The elucidation of the nature of the RC and its role in photosynthesis was initiated
by ground-breaking discoveries by pioneering researchers Thiazovivin ic50 in the field. This issue of Photosynthesis Research honors three scientists: Louis M. N. Duysens, Roderick K. Clayton, and George Feher, who contributed greatly to the early development of the concept of the RC in photosynthetic bacteria and who provided details of the structure and function of this important pigment protein. In his classic study of light-induced absorbance changes in photosynthetic bacteria, Duysens (1952) discovered a small change in the absorption spectrum of a pigment in whole cells of Rsp. rubrum that represented the reversible bleaching RG7112 solubility dmso of a small fraction of the bacteriochlorophyll (BChl) present in the sample. He showed that this change was due to a photo-oxidation of a pigment which he selleck compound designated P to represent a special pigment active in photosynthesis. This was the first spectroscopic evidence for the specialized BChl that we now know as P870, the primary electron donor in photosynthesis.
This experiment supported the idea of a photosynthetic unit proposed by Emerson and Arnold (1932) based on oxygen evolution studies in Chorella, where they showed that most of the chlorophyll present in the cell was not active in the initial photochemical reaction. The concept of the RC was further developed by Clayton in a series of pioneering experiments. He showed that the reversible bleaching occurred even at cryogenic temperatures (Arnold and Clayton 1960), a characteristic of the primary photochemistry. He discovered a particularly useful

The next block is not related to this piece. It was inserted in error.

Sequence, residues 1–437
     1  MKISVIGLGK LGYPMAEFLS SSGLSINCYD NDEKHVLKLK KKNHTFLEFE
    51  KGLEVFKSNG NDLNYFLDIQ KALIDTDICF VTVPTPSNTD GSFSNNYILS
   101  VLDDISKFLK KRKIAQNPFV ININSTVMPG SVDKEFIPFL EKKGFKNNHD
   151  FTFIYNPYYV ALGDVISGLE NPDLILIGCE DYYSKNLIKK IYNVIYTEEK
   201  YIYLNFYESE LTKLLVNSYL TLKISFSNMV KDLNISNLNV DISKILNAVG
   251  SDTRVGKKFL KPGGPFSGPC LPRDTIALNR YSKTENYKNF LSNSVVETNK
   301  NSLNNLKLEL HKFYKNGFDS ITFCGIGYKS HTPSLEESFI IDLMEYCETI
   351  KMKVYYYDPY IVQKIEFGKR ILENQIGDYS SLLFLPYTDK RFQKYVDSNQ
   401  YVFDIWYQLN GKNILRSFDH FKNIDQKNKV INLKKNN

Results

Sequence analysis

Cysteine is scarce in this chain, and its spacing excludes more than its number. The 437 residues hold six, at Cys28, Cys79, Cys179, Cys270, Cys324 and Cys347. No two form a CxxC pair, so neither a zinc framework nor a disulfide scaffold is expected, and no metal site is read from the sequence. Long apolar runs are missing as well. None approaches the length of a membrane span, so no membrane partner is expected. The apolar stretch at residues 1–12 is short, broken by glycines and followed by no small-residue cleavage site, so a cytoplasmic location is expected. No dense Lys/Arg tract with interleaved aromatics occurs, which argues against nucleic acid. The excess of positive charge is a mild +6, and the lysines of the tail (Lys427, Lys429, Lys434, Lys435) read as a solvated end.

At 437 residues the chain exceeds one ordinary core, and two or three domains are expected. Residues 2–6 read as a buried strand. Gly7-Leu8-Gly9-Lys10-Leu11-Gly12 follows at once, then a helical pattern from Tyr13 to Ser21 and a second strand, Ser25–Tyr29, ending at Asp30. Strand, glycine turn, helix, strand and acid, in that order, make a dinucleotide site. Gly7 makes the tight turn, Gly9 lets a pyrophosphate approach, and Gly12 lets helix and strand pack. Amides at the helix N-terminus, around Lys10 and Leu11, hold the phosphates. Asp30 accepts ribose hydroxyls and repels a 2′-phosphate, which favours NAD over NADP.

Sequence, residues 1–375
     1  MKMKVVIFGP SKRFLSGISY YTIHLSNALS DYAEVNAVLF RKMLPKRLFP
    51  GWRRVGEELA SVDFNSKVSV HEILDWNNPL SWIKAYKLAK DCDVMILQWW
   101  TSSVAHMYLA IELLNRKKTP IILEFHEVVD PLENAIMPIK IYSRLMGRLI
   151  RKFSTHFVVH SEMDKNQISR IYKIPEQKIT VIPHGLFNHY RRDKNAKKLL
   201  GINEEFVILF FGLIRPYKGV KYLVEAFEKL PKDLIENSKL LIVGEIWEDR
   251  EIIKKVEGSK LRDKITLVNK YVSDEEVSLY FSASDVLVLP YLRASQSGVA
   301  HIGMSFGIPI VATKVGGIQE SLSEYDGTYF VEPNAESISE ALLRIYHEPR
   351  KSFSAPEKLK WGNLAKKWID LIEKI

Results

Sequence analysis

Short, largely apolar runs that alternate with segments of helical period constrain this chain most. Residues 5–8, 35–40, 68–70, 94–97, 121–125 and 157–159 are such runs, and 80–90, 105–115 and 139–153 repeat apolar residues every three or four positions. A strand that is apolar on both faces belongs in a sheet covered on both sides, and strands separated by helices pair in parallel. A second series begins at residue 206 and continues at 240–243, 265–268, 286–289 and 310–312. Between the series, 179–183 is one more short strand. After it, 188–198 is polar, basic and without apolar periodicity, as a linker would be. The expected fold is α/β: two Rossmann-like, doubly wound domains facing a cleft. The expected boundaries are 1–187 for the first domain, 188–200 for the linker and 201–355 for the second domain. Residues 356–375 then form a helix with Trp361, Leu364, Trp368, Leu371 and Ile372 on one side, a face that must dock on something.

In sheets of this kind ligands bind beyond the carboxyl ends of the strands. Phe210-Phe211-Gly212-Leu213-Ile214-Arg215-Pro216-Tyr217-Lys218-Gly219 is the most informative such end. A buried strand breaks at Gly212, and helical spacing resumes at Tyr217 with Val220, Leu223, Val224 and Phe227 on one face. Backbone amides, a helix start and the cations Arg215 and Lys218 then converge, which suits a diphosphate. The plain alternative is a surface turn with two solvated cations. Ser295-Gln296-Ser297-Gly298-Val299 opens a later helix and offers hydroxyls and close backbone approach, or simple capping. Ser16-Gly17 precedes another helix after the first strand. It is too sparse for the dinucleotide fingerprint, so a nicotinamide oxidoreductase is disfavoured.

mutant strain (called R-26) of Rhodopseudomonas sphaeroides (now Rhodobacter sphaeroides) lacking carotenoids in which bulk of the BChl pigments were more unstable than the pigments in the RC (Clayton and Smith 1960). Using this strain he found conditions under which much of the inactive BChl was irreversibly destroyed, unmasking the active pigment P870 which could be identified by its reversible bleaching upon light illumination (Clayton 1963). This led to the first isolation Methane monooxygenase of a soluble RC complex by treatment of the bacterial membranes with the detergent Triton X-100 (Reed and Clayton 1968). Further characterization of the RC protein and its primary reactants was accomplished by George Feher using biochemical techniques and magnetic resonance spectroscopy. The detergent—lauryl dimethyl amine oxide was used to purify the RC preparation allowing the determination of the cofactors—4 BChl, 2 BPhe, Fe2+, and ~2 UQ and the characterization of the 3 protein subunits called L, M, and H (Feher 1971; Okamura et al. 1974). Using EPR and ENDOR spectroscopy he was able to help identify the primary donor as a bacteriochlorophyll dimer (Feher et al. 1975) as proposed by Norris et al.